STORM BREWING? As word spread through Occupy Boston that Occupy Wall Street's Zuccotti Park camp had been disassembled by New York police, fears arose that Dewey Square might be next.
As New York City police scrubbed Occupy Wall Street clean of its inhabitants and their belongings Tuesday morning, emotions ran high back in Boston. Dewey Square squatters watched the live stream from Zuccotti Park on laptops. When word hit the Web that the New York encampment was under attack, people shouted across Dewey that Boston was next.
"It really didn't help the anxiety level around here," said John Ford, an Occupy Boston librarian and ubiquitous camp presence. "Everyone was mic-checking impending doom."
Hub activists were already nervous about their own fate — for days, the Boston Police Department had tried to block attempts to prepare the camp for winter, keeping heavy-duty tents out of the square and impeding the will of occupiers who plan to crash through ski season.
First, this past Sunday, a BPD officer told the driver of a visiting Wikileaks donation truck — on camera — that police searched the truck "because we were afraid that you might have contraband that we don't want in the camp — winter tents and insulation materials." Asked where that order came from, the officer stated, "My bosses."
Second, reps from the Occupy Boston women's caucus were stopped from bringing in a new weatherproof canopy. They were upset that their attempt to build a safe space for female occupiers had been thwarted. But the implication was more sinister. A BPD spokesperson confirmed to the Phoenix: "We are not allowing for anything that requires building materials."
It's clear that BPD doesn't expect the encampment to last the winter — and they're not eager to make it any easier for them. This is a national trend, as Boston and New York aren't the only cities that would be thrilled to see the last of the occupiers. Hours after the Zuccotti raid, a video clip surfaced of Oakland Mayor Jean Quan — a notorious symbol of Occupy intolerance — telling the BBC that she had been conferencing with 18 other cities about how to handle their Occupy "situation."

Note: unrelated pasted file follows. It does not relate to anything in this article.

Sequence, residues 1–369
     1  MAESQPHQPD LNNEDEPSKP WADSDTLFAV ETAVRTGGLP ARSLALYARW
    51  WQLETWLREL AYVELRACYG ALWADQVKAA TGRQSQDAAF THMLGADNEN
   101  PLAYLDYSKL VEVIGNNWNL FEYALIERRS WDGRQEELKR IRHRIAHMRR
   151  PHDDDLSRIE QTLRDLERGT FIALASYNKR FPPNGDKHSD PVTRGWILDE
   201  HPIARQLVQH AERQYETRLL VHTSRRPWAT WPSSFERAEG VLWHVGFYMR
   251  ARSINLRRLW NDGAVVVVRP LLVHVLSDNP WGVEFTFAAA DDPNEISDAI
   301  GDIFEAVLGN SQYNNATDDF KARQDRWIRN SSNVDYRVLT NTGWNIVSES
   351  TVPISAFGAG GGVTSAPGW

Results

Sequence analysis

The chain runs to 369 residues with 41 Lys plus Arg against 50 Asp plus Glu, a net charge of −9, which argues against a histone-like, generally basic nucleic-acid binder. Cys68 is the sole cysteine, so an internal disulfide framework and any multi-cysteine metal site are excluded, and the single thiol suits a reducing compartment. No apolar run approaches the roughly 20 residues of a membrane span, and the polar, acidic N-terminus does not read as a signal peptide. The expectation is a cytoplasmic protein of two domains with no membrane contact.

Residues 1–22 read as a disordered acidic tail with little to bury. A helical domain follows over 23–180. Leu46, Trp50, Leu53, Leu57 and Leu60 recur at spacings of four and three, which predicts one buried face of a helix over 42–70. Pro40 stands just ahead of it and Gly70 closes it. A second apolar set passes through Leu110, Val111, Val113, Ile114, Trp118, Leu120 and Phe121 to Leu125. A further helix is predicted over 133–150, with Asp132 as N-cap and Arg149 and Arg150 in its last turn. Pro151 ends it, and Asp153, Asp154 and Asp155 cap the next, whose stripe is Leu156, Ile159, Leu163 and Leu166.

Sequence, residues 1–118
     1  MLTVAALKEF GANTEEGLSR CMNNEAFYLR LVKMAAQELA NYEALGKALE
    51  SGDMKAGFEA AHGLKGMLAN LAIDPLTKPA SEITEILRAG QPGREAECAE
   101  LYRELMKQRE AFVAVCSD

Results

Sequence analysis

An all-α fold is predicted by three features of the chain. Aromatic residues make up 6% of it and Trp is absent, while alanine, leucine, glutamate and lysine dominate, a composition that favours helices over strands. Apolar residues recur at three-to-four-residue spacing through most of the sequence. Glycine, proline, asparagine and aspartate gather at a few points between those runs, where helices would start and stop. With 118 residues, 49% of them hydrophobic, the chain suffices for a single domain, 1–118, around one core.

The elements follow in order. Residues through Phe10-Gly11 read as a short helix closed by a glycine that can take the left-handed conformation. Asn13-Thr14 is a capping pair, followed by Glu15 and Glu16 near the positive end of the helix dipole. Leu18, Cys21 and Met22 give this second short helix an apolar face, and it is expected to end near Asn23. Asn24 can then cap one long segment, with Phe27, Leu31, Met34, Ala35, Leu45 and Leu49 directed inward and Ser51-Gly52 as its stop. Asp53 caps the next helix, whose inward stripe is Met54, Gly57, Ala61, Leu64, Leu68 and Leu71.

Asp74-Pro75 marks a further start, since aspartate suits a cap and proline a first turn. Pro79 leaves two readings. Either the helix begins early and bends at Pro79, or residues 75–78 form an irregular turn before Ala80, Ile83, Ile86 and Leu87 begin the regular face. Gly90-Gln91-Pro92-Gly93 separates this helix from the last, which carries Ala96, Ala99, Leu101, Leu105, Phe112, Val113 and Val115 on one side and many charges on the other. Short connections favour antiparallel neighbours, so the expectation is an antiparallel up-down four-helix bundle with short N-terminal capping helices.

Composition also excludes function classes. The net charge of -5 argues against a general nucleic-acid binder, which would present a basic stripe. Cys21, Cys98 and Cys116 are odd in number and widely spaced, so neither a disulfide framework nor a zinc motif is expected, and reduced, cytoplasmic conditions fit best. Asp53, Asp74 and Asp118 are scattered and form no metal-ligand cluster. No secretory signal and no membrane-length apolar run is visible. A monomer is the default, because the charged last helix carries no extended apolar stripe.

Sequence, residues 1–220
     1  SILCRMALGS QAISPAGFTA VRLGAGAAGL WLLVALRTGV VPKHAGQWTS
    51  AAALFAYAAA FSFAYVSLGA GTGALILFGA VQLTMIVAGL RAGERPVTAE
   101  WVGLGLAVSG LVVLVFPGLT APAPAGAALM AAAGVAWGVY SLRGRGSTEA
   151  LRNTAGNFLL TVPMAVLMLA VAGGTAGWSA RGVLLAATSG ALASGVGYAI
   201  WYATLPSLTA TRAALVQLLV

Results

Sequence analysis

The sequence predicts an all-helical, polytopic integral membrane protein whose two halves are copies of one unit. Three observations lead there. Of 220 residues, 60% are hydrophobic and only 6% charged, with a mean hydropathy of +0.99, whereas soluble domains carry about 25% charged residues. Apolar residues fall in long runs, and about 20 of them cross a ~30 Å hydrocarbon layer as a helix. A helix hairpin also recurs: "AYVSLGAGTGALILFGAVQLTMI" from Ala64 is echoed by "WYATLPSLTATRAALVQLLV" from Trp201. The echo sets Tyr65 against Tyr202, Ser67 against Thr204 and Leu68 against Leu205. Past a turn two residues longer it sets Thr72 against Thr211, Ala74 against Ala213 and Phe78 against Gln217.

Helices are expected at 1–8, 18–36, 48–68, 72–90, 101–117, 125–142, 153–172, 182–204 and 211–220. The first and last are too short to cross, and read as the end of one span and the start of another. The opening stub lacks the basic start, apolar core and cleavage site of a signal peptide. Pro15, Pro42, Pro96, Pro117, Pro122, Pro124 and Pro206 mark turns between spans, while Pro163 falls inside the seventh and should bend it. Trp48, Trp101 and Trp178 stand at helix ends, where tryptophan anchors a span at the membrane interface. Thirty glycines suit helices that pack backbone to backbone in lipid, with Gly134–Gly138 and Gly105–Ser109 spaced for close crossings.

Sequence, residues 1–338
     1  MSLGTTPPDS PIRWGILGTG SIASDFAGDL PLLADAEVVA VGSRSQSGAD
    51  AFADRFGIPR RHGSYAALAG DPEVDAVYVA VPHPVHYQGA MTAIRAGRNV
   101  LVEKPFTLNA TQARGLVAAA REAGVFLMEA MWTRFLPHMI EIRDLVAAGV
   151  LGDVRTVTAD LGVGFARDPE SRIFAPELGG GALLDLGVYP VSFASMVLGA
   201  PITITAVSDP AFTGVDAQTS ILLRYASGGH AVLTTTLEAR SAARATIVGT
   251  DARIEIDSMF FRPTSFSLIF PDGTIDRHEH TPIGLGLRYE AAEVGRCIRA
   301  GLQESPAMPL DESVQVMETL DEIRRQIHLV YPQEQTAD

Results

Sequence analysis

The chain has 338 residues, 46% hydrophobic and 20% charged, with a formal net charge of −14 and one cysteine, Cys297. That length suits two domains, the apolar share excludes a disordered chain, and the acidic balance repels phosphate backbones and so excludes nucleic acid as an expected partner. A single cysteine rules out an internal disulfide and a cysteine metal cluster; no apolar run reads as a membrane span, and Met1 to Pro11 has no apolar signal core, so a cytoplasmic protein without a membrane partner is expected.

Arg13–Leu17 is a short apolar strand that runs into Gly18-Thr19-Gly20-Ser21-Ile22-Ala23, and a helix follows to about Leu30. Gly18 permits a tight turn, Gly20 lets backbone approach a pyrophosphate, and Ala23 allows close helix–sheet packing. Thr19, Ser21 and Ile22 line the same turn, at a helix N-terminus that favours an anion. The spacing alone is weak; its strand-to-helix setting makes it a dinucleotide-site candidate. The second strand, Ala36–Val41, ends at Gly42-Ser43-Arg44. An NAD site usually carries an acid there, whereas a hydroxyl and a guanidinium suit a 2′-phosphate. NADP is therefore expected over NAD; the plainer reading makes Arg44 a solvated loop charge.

Many protesters at Occupy Wall Street have long speculated that Mayor Michael Bloomberg and his cronies want to wipe out Occupy before the cold comes — or at least make occupiers vulnerable to foul weather. This was apparent to them from the early days of the movement, when police removed tents and tarps on sight. In fact, Zuccotti only became a tent city after October 17, when cops threatening to dismantle the sheltered medical area stood down to the Rev. Jesse Jackson. Within hours, tents were planted throughout the park, but many still thought that it was only a matter of time before cops leveled the encampment.
That's why Zuccotti organizers took advantage of a lull this past weekend to prep for the future. Members of the "Town Planning" working group told the Phoenix that their first agenda item was winterization — figuring ways to replace store-bought tents with more resilient military-grade numbers. On top of that, they were also hatching major actions for a two-month anniversary bash today (November 17). Operatives would not disclose exactly what sort of peaceful pandemonium might transpire — other than the publicized promise to "shut down Wall Street" — but all agreed that Thursday would bring the biggest demonstrations yet, a spectacle sure to rally new support and re-energize participants.